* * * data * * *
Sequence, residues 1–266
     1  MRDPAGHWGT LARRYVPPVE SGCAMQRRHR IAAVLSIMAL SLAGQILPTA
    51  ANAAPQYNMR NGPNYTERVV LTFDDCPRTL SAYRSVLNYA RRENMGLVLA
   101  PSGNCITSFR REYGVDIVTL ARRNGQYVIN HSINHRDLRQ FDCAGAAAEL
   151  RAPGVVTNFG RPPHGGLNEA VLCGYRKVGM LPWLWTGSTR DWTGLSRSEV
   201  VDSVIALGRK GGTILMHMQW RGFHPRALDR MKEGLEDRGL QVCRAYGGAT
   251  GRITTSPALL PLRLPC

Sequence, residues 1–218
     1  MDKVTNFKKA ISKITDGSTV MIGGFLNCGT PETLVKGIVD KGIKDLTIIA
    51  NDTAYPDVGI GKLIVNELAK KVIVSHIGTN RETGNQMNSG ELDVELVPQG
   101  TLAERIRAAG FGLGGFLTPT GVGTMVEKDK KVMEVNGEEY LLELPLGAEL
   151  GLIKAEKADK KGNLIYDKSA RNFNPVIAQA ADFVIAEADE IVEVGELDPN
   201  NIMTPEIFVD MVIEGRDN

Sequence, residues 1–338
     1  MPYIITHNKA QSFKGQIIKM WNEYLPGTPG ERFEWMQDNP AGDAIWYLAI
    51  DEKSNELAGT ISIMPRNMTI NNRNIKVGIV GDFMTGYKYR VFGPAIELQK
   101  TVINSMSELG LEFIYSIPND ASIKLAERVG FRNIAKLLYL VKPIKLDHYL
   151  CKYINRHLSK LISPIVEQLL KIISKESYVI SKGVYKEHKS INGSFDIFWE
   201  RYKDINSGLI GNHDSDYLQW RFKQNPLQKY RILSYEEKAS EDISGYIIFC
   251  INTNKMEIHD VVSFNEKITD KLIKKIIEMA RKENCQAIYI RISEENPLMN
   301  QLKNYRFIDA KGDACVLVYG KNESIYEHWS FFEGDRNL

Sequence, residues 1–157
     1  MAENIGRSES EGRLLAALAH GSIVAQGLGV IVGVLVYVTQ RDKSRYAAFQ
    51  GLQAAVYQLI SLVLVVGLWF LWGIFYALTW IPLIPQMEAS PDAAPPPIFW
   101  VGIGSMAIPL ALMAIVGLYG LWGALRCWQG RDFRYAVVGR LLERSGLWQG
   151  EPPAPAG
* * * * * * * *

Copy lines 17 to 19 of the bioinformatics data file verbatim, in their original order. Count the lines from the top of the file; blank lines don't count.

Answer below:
   101  TVINSMSELG LEFIYSIPND ASIKLAERVG FRNIAKLLYL VKPIKLDHYL
   151  CKYINRHLSK LISPIVEQLL KIISKESYVI SKGVYKEHKS INGSFDIFWE
   201  RYKDINSGLI GNHDSDYLQW RFKQNPLQKY RILSYEEKAS EDISGYIIFC